The quantum receiver is an elementary component in quantum information processing tasks. It aims to extract necessary information from non-orthogonal quantum states. Due to the nature of shot noise, signals carried by electromagnetic waves show non-orthogonal quantum features after suffering a severe loss, such as during interstellar communication. Therefore, the quantum receiver is the only apparatus to decode these weak signals with an error rate below the shot-noise limit.
However, conventional quantum receiver design is fragile to noise. Additionally, the computational cost of analytically optimizing a suitable decoding logic is colossal. Hence, only a handful of quantum receivers have been designed for decoding basic codes, and their performances are still far from ideal.
In a new paper published in Light: Science & Application, a group of researchers, led by associated professor Zheshen Zhang from the University of Arizona and the University of Michigan, and co-authors have developed a quantum receiver enhanced by adaptive learning technique (QREAL in short). By the concept of reinforcement learning, the upgraded quantum receiver now becomes self-guided and can iterate toward a better performance with the presence of noise.
The QREAL architecture comprises three functional cores: the hardware, the control logic, and the formulator. The hardware is based on a phase-locked Mech-Zehnder interferometer, a superconducting single-photon detector, and a classical processor. As a result, the optimized setup guarantees a record-high overall efficiency of around 85% and robust interference visibility of over 99.7%. Loaded with the control logic, the classical processor handles all the hardware electronics. The control logic contains a decision tree and a decision table for decoding signal lively, which are learned by the formulator through hundreds of iterations of optimization and simulation. “Given the model of hardware, a targeted quantum information task, and possible noise sources, QREAL aims to learn a decoding protocol efficiently with an error rate as low as possible.”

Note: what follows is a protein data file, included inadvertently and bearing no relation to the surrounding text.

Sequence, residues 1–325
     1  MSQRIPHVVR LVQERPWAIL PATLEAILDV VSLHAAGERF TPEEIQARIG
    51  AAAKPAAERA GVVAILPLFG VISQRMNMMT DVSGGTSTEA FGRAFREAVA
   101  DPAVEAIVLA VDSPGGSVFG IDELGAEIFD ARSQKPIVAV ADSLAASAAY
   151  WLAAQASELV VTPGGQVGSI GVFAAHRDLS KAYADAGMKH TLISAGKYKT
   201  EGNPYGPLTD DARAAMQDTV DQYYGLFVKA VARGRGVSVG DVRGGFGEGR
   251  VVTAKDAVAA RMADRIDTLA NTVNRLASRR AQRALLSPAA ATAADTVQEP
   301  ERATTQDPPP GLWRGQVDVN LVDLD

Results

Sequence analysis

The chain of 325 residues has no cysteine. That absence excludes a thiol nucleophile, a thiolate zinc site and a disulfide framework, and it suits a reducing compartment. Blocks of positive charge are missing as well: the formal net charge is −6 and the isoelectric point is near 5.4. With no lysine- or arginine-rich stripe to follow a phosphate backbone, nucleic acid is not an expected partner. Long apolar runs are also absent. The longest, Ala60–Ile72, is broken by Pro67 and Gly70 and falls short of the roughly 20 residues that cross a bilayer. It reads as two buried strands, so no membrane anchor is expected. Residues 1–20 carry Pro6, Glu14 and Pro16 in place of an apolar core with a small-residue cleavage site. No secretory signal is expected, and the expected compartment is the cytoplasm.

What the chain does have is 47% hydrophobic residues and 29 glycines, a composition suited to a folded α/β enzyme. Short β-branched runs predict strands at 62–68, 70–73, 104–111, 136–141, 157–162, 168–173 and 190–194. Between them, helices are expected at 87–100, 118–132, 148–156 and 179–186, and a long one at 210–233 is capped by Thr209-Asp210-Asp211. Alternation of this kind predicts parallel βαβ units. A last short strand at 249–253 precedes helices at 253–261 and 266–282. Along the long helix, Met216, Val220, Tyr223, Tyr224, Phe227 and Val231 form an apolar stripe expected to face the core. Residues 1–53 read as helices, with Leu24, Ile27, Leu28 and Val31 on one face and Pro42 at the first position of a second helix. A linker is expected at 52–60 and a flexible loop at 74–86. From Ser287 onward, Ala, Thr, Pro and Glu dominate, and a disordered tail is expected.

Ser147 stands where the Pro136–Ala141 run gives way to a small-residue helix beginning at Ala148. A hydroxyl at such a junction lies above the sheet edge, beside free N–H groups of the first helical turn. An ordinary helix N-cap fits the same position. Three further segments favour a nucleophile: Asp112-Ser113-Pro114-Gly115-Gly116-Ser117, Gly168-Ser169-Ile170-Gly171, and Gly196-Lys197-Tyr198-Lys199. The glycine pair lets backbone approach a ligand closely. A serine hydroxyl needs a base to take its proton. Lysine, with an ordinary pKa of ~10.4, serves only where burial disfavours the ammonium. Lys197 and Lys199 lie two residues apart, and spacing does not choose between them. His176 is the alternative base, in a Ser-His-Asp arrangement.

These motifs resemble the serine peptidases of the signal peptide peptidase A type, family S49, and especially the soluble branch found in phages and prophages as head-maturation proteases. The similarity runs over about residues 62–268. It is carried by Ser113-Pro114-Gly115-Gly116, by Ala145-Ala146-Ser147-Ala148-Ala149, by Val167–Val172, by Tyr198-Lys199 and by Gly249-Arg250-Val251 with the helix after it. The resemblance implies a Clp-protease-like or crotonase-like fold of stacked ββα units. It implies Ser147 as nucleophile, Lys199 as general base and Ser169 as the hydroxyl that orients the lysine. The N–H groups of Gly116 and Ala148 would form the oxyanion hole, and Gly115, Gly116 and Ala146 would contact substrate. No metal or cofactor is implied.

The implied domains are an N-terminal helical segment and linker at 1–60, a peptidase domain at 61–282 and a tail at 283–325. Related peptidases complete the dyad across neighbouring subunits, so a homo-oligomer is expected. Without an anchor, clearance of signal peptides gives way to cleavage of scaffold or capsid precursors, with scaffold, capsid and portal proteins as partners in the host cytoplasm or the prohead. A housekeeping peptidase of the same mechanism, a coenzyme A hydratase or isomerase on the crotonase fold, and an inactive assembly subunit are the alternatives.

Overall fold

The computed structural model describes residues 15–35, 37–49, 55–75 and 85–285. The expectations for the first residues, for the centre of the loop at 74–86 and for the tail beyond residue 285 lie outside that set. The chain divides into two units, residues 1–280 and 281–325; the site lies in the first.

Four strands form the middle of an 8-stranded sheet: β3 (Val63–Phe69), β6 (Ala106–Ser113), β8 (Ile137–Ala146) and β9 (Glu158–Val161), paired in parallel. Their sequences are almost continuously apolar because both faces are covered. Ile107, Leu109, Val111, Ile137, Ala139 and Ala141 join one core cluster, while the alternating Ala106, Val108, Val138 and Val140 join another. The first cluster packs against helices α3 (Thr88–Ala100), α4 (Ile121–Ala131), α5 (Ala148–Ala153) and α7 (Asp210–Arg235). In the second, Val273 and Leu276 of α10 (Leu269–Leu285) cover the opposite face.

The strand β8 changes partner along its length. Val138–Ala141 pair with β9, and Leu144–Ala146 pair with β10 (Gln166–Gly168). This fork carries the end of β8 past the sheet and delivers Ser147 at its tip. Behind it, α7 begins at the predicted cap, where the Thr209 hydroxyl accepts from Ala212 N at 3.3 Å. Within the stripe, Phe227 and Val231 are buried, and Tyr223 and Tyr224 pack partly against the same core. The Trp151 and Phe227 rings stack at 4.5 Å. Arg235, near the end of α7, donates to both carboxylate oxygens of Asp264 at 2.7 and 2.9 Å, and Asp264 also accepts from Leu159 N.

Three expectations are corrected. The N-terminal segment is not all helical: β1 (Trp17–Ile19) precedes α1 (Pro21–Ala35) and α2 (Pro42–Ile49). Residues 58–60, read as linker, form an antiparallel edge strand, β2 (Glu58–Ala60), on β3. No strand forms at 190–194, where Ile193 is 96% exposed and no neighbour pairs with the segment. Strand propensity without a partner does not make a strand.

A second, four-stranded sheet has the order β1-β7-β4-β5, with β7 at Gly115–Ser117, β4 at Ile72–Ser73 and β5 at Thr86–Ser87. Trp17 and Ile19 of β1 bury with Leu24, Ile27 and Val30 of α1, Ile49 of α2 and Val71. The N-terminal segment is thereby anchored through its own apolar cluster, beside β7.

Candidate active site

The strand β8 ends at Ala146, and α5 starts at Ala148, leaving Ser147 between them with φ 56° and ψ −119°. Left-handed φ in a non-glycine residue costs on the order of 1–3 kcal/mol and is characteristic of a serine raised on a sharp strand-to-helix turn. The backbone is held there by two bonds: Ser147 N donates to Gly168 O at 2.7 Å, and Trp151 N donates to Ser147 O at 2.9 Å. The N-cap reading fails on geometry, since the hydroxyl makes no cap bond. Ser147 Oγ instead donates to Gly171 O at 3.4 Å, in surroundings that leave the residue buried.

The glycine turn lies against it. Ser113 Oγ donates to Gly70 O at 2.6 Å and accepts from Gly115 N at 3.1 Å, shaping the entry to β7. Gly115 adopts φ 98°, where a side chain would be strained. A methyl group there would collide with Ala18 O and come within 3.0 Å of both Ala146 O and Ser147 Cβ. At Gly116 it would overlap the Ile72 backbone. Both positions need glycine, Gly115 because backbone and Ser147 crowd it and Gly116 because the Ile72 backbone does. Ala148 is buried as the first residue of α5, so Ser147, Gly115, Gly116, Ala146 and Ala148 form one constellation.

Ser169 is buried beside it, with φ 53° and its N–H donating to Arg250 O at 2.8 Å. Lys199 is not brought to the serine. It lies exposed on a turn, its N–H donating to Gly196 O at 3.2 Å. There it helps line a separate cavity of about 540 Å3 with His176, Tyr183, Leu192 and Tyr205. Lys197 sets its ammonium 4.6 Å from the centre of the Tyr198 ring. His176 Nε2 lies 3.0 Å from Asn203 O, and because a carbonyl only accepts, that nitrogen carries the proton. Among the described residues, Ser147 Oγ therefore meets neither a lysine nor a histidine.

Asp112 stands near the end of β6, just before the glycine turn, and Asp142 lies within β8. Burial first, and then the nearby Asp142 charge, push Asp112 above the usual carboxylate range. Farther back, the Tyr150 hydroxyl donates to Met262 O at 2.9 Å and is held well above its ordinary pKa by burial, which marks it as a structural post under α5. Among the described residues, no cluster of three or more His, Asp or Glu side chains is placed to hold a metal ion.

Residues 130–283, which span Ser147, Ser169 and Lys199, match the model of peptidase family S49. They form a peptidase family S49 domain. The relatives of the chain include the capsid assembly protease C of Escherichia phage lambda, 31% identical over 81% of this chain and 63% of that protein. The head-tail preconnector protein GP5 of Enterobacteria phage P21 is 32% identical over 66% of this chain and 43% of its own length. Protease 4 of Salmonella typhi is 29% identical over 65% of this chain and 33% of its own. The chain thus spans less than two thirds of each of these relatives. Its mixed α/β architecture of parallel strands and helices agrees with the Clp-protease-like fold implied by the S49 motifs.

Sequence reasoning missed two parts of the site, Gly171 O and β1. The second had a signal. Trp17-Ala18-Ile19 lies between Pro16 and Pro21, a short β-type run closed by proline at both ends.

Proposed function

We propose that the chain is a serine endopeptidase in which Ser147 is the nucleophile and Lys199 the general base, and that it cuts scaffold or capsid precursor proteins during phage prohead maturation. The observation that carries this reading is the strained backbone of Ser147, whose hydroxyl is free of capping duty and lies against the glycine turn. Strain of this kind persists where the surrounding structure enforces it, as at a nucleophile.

In the experiments, researchers demonstrated its ability to learn a proper decoding protocol and adapt to noise automatically. The experimental results confirm that the performance improves by around 15% compared to conventional design methods and enjoys a 40% lower error rate than the best classical receiver. For decoding binary phase-shifted keying, QREAL achieves less than a 2% error rate with less than one photon per code, which allows error correction and communication with such a low signal power. They also tested the QREAL in seeking the best protocol for decoding quadrature amplitude modulation signals with six codewords. “To the best of our knowledge, this is the first time a quantum receiver showing advantage with an alphabet larger than four.”
Since the researcher is no longer needed to pilot the platform, QREAL could be implemented in drone platforms for practical purposes such as Mars missions. Furthermore, due to its improved performance in mitigating noise patterns, the framework of QREAL may also benefit other noisy intermediate-scale quantum platforms. “It could become a new paradigm of quantum receiver design.” the scientists forecast.
Light Science & Applications